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Shelter for All

10/15/2019 09:12:23 PM


As a young Jewish Canadian kid, Thanksgiving was, well, nonexistent. I vaguely knew that it was a Big Thing in the United States, mainly because we had relatives there. And because it often overlapped with Sukkot, which I only celebrated at school or shul, the fall harvest festival season didn’t really have an impact in our home.
Particularly after living in the US for 23 years, I learned that Jews there take Thanksgiving seriously. That first fall in Philadelphia, when a new friend invited us to their home for (their November) Thanksgiving Day meal, I thought it was so nice of them to put on Thanksgiving production just for us, for in my mind there was no other reason a Jewish family would observe it!
Arriving at their home, it took several minutes for the cognitive dissonance to fade, as I looked at the groaning table laden with all the “typical” dishes – roast turkey, sweet potato casserole topped with marshmallow, pies, pies, pies, and more – surrounded by twenty chairs, and realized that this was their “typical” observance!
During my years in Philadelphia and then Baltimore, we would connect with local friends to create Thanksgiving “kin” with whom to enjoy a festive gathering, but Sukkot was really our harvest festival. As the continuation of the long Tishrey festival season from Rosh Hashanah on, Sukkot offered a great antidote to the weightiness of the first half of the month. Out would come the box of decorations and lights, along with the stored lumber. Setting out the wood and the lattice boards invariably attracted our neighbours, who loved to participate in the setting up.  
The mandate to build this hut might be based on an ancient sacred narrative, yet it’s highly relevant, in perpetuity, it seems. With its incomplete walls and a see-through roof, the experience of erecting and “dwelling” in a sukkah remind us of the fragility of shelter.  And once sheltered in the sukkah, there is a mandate to welcome visitors, along with the ritual of spiritually inviting in and invoking Ushpizin, Aramaic for guests, traditionally beginning with Abraham.
This year, on the day erev Sukkot overlapped with the eve of Thanksgiving Monday, I was listening to the radio, and heard an interviewee elaborate on the myths vs. realities, and the barriers, for those seeking refuge and asylum in Canada. It struck me, as it has many times before, just how much the religion of my ancestors has directly influenced, motivated, informed and shaped what I strive to do for justice in the world. Not only is that inspiration often rooted in the themes of our key festivals, it has what to say to the global zeitgeist.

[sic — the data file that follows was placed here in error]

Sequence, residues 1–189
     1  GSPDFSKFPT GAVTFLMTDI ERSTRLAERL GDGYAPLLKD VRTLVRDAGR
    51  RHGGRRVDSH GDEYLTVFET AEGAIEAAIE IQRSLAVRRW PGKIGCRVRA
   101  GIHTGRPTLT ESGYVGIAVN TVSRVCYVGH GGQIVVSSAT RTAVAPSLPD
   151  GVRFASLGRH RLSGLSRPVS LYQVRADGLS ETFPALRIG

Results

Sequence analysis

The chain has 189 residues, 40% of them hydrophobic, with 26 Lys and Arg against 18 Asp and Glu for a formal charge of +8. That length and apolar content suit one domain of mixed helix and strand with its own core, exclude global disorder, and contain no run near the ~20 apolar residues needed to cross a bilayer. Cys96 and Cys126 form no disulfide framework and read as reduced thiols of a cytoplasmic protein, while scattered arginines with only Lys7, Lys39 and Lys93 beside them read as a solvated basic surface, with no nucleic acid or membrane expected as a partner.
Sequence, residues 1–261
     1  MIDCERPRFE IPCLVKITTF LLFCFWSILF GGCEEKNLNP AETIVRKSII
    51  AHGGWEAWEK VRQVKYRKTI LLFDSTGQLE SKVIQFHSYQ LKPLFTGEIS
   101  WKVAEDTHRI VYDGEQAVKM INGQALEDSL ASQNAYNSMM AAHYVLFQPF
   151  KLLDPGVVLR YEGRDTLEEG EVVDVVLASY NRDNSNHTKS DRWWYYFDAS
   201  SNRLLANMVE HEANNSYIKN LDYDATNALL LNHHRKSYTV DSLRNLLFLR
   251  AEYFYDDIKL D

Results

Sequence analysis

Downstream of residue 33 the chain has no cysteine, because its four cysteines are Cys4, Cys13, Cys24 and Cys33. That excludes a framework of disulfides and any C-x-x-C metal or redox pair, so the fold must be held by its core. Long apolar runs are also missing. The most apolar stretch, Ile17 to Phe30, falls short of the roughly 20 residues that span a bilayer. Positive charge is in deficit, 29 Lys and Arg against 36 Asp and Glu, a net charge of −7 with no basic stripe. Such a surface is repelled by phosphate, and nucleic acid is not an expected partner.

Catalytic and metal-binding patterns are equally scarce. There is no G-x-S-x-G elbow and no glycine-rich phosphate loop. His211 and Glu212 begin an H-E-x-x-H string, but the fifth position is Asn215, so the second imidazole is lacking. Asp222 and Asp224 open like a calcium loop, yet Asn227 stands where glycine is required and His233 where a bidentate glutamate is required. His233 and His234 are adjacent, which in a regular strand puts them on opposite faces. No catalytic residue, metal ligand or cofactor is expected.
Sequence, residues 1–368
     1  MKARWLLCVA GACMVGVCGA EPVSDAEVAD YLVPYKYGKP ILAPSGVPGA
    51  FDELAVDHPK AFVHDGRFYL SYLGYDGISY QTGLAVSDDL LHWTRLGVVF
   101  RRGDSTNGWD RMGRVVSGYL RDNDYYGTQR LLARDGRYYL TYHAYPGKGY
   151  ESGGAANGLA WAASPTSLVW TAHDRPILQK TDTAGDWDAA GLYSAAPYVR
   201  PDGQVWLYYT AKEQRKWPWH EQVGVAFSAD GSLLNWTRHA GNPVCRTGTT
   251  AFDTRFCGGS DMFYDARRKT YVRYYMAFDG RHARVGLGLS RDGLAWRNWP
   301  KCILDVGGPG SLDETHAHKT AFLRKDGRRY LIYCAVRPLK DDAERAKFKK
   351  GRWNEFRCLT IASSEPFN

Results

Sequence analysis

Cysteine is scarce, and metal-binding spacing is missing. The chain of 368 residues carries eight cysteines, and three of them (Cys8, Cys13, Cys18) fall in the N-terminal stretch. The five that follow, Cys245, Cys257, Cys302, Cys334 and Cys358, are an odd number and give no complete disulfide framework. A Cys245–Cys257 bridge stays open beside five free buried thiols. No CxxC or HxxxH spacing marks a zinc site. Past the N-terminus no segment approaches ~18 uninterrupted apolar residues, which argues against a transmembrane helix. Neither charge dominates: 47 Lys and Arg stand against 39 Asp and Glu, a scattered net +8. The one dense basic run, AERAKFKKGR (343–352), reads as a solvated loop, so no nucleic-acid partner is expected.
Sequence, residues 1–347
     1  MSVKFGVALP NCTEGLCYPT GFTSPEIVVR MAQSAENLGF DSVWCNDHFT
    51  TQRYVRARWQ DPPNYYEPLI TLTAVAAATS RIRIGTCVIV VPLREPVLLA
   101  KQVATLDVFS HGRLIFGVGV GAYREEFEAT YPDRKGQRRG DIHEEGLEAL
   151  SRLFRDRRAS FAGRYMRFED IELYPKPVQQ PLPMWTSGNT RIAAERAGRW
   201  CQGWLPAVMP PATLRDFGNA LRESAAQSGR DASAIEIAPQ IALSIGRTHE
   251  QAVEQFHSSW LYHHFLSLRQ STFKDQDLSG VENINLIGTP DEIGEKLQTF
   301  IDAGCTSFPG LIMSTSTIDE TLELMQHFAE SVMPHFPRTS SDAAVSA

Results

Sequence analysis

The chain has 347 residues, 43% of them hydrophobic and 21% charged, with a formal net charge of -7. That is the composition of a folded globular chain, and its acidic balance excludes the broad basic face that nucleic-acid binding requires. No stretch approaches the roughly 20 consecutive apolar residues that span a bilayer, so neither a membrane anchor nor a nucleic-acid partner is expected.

Three years ago, about to sit down to the Passover seder, I learned that the queer couple living a world away – the first newcomers to be welcomed to Canada by a group named Rainbow Haven, launched by OrH member Patti Lenard – had received their travel documents. With every bite of matzah, I was connecting to the notion of tasting freedom, real freedom, soon to become a reality for two souls. Redemption, ge’ulah, was not just a word in the hagaddah and our prayers, but something happening in real life, in real time.
Listening to the interview on Sunday, I immediately thought about two more souls awaiting the final details on their travel documents, the fourth sponsorship and the second couple our group eagerly anticipates welcoming in the weeks ahead (kenahora), on the heels of this sheltering festival.
We redeem, we shelter, we carve out time in our lives, or, more accurately, integrate into our lives, this sense of commitment and obligation to shelter, to redeem. As a congregation, hard-working members including Patti, the Mendeloff-Weibust and Stein-Lyon households have, through the inter-congregation Shalom Group, also brought to life the work of redemption and shelter as the sponsors of the Al-Sahar family.
The “High” holidays may be over for the year, but the holiday cycle will continue to invite, and invoke, themes that can be connected to our lives, and the lives of our neighbours. They can all hold relevance and meaning. Ufros aleynu – ve’al kol yoshvey tevel - sukkat shelomekha. Spread over us – and all who dwell on earth - a shelter of peace.
A joyous Sukkot to all.
– Rabbi Liz

Wed, April 1 2020 7 Nisan 5780